AP Photo/Gerald Herbert

How To Help The 3 Black Churches Targeted By Arsonist In Louisiana

A reverend at one church said 'We can't let this setback stop us from doing what God initially called us to do'

On March 26, 2019, someone set fire to St. Mary Baptist Church in Louisiana's St. Landry Parish. On April 2 and April 4, respectively, Greater Union Baptist and Mount Pleasant Baptist Church also became targets for arson. All three churches were historically black churches, and home to majority black congregations; all three churches stood miles from each other. On Wednesday, April 10, police have arrested a 21-year-old suspect in connection to all three fires, CBS reports.

According to local news outlet KATC, the suspect has been charged with three counts of simple arson of a religious building, and faces up to 15 years in prison on each count. The suspect is white, and a son of a sheriff's deputy; per CBS, St. Landry Parish Sheriff Bobby Guidroz corrected previous reports that the deputy had turned his son in. The father "helped facilitate the arrest, [and] got the suspect away from home" but the work was part of a concerted effort from law enforcement that included the FBI, Guidroz said.

Many parishioners had been members of their churches for decades, if not longer. Pastor Harry Richard, who presides over Greater Union Baptist Church in Opelousas, LA, told CBS that his grandfather, who helped found the church "left a legacy for me and I was trying to fulfill that to the best of my ability."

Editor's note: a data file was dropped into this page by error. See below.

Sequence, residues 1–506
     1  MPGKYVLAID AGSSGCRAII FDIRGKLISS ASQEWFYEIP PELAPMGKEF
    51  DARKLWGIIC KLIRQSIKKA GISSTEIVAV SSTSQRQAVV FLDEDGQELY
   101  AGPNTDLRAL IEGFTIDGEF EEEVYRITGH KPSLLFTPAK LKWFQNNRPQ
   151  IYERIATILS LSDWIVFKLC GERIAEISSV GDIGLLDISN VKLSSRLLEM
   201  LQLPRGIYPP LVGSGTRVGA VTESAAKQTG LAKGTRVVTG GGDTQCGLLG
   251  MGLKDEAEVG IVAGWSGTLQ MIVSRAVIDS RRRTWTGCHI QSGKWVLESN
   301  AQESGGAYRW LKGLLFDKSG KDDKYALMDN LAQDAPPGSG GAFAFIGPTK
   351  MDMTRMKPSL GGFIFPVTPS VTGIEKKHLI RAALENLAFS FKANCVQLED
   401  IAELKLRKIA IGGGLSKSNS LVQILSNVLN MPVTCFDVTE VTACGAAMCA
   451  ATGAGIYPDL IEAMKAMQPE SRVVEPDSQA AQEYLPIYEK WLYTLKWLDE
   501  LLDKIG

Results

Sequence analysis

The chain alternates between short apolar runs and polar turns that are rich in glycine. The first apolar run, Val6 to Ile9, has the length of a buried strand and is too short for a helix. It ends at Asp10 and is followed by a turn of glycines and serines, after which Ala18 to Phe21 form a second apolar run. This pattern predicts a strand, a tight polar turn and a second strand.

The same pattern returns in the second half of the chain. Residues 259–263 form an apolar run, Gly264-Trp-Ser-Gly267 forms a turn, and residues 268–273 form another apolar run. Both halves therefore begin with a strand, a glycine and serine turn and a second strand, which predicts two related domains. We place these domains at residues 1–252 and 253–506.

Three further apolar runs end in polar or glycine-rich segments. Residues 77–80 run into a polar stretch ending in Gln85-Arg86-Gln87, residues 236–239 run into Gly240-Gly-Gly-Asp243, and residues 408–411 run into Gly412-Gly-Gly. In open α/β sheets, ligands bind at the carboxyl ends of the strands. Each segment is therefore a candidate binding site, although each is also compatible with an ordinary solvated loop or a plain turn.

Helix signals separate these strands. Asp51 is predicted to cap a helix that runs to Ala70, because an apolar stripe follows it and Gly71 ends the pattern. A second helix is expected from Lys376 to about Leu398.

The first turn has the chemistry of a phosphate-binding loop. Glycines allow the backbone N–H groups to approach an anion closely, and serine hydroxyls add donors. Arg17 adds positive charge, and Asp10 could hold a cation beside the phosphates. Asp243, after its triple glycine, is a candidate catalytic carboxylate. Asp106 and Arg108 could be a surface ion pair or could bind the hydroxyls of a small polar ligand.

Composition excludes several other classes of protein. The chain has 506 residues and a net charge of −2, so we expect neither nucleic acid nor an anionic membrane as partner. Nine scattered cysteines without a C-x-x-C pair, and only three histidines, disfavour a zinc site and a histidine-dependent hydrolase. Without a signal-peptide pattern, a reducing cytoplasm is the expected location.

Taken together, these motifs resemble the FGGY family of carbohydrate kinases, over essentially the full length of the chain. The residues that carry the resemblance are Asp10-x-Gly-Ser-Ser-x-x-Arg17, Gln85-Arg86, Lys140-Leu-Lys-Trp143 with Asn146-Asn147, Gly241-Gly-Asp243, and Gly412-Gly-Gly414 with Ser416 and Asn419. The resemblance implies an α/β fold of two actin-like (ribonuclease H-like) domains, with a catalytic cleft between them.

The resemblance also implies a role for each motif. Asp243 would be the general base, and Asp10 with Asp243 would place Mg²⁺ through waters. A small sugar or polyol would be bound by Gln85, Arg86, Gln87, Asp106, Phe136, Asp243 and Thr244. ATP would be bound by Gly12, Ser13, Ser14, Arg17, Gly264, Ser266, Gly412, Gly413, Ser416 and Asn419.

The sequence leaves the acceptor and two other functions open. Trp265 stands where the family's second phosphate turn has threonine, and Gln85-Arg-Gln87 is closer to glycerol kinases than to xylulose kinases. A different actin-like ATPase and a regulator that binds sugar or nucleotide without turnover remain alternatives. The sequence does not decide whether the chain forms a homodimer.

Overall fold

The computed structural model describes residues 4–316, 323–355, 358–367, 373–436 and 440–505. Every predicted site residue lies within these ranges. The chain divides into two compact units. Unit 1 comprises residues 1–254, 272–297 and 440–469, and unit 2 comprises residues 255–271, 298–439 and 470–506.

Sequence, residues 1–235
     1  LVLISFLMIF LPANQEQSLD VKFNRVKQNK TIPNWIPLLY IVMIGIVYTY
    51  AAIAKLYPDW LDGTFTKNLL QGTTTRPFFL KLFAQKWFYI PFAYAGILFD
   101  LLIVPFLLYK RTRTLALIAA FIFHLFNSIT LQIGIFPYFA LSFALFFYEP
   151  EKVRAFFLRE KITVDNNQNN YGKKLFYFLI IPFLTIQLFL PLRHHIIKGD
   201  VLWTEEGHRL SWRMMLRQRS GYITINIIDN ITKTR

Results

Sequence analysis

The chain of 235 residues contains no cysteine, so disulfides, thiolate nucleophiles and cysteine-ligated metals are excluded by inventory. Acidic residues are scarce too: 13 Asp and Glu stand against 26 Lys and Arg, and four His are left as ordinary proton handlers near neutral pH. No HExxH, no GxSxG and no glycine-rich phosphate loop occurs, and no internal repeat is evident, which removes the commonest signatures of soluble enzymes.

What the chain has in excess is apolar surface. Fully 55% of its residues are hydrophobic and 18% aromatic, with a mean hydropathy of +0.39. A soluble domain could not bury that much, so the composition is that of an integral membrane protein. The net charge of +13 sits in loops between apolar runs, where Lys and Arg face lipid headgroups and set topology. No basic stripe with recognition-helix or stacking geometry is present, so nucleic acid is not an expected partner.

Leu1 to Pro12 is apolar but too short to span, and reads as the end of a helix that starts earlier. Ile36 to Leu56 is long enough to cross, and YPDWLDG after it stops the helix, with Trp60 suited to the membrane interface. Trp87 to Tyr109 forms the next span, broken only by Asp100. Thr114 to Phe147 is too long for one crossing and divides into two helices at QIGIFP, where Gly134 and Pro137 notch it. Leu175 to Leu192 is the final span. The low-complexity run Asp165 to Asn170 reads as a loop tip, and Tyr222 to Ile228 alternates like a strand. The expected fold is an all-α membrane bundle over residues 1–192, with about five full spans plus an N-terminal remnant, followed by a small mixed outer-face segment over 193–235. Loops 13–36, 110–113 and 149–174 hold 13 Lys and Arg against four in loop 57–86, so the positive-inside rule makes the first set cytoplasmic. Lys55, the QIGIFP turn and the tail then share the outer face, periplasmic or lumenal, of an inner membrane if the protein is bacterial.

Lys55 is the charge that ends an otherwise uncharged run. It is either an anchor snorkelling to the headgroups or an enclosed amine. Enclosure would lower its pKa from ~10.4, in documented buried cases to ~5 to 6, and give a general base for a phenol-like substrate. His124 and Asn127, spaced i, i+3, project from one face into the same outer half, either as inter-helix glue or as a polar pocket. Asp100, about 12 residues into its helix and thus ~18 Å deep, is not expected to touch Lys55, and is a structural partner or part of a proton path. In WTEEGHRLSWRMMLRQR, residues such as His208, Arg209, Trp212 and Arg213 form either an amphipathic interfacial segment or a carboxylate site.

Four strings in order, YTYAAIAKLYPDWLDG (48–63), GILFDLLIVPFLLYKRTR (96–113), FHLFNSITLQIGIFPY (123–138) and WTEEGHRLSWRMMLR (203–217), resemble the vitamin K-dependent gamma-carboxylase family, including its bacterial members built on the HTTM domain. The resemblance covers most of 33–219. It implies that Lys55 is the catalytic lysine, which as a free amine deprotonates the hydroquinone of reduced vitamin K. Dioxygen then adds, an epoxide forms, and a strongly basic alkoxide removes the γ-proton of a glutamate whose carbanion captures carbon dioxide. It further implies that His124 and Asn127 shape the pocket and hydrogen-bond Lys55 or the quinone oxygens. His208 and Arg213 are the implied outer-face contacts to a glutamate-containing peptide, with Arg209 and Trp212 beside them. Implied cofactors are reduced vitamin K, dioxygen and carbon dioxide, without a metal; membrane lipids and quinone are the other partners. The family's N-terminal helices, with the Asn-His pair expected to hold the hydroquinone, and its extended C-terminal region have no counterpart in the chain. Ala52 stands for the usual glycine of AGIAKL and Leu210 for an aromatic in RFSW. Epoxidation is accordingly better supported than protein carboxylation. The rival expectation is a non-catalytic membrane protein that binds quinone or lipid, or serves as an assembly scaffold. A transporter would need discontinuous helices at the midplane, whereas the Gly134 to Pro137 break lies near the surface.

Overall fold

Per The Advocate, Greater Union Baptist and Mount Pleasant Baptist communities are asking that anyone looking to help them rebuild the churches send donations via check rather than on crowdfunding websites, as they worry about people setting up lookalike accounts in an effort to defraud those trying to send aid. St. Mary Baptist Church has set up a crowdfunding option on the church's website; Rev. Kyle Sylvester also told the Advocate that those looking to help could also send donations via mail.

In a press conference on Thursday, Louisiana Governor John Bel Edwards called the arsons "hateful acts." A 2015 Huff Post report found that there have been over 100 attacks on black churches since 1956.

State Fire Marshall H. Butch Browning added, "I can never give total condolences to these church communities for the losses of their places of worship. However, I hope this begins to help their healing.”

"What is happening in Tennessee and Louisiana is domestic terrorism and we must not turn a blind eye to any incident where people are targeted because of the color of their skin and their faith," NAACP President Derrick Johnson said in a statement obtained by ABC. "The spike in church burnings in the Southern states is a reflection of emboldened racial rhetoric and tension spreading across the country. But this is nothing new. For decades, African-American churches have served as the epicenter of survival and a symbol of hope for many in the African-American community. As a consequence, these houses of faith have historically been targets of violence."

The Cut reports that St. Mary Baptist Church had been burned almost entirely to the ground. Of the attack, Rev. Sylvester told CBS, "We can't let this setback stop us from doing what God initially called us to do."